Rube Goldberg for Gun Control?



I had heard the term “Rube Goldberg device” in the past but never really knew what it was until my children entered fourth grade. As a science project, they were to create a complex, convoluted process for performing a simple task such as cracking an egg or turning on a lightbulb. Chicagoans who have visited the Museum of Science & Industry have probably been enchanted by its own example of such a device, otherwise known as the Swiss Jolly Ball machine.

The tortuous suggestions I have been reading about for stemming gun violence in public places remind me of these delightful yet impractical devices, named for a Pulitzer-Prize-winning cartoonist who depicted complex machines performing simple functions.

The gist of these suggestions is this: Arm more “good guys,” and you will prevent these shootings. Recommendations such as having teachers armed or hiring Vets as armed security are making the rounds on the internet as an answer to the upswing in school shootings. This just strikes me as insane.

There is no evidence that having guns around will prevent the next massacre and plenty of evidence that it’s a bad idea. For instance, President Reagan was surrounded by highly trained and armed Secret Service officers when he was shot by John Hinckley. Not one of those officers fired his weapon. Furthermore, experienced members of both the police and the military say that armed civilians getting involved in an active shooter situation would do more harm than good.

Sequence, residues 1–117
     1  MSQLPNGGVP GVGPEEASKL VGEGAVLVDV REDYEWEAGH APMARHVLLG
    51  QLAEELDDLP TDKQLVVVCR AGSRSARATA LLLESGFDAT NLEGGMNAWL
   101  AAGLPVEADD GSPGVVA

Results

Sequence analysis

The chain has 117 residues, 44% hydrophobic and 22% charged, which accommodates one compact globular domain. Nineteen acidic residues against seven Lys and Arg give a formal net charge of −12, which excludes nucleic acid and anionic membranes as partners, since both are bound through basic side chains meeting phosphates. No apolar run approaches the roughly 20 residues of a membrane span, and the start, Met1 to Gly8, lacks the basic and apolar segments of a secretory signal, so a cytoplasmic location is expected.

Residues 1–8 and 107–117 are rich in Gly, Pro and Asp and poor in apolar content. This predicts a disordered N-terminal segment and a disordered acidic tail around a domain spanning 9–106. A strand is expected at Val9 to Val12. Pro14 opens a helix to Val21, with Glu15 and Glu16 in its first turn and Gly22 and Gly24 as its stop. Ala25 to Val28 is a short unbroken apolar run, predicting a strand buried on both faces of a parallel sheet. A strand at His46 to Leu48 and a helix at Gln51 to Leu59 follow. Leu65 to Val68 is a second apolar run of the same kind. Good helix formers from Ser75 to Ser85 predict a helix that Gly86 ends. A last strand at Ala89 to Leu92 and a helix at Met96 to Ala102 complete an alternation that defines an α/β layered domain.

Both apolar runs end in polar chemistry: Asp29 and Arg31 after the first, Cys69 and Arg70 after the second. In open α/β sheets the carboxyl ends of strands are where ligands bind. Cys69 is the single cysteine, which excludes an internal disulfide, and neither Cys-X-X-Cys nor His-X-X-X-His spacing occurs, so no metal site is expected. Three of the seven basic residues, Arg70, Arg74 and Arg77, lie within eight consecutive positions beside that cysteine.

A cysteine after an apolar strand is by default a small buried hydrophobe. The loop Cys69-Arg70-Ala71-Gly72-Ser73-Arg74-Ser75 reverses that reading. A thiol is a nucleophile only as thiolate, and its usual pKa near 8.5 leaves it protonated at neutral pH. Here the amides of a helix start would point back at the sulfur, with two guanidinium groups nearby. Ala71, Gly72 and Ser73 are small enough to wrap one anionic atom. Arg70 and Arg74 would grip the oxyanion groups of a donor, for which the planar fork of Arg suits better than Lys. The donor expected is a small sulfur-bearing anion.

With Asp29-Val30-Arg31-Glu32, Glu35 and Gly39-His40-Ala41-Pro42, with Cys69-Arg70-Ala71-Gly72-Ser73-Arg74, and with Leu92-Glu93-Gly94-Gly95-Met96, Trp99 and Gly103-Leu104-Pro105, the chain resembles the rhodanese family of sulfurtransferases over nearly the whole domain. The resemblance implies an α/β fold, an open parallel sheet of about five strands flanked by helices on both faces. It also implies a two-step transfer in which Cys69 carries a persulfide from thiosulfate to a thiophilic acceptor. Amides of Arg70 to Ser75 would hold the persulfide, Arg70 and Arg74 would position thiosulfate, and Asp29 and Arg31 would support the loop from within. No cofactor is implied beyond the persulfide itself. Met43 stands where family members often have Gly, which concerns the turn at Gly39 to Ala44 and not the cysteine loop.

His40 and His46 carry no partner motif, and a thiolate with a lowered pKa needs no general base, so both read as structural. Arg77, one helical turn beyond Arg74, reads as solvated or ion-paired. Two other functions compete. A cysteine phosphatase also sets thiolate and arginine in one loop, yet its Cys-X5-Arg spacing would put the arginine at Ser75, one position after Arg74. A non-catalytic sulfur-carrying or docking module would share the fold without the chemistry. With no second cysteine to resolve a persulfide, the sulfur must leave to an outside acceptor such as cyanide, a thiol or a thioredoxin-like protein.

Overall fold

This is the insanity of the pro-gun faction in this country. Just keep throwing more guns into the mix. All the while the simple solution – to disarm the nation – is scoffed at as unreasonable and unrealistic.

The other illogical trope that I keep seeing is one that compares blaming guns for killing with blaming a spoon for making someone fat. Yet possession of a gun does make violence more likely. As former Navy SEAL Stephen Benson recalls, during basic training his instructor told them, ‘Gentlemen, the first and most important thing you’ve done by putting on that weapon is you’ve increased your chances of being in a gunfight by 100 percent.’(, Oct. 5, 2015)

Another ridiculous argument is that other objects, such as knives, are used to kill; therefore, should we ban all knives? The fallacy here is that guns are made for nothing but injuring and killing. No one says, “I need a gun in case I lock myself out of the house and have to shoot the lock open,” or “Just a minute while I use my gun to chop up this cucumber.”

I would like to see one thoughtful, intelligent justification for having a gun. Yeah, I didn’t think so.



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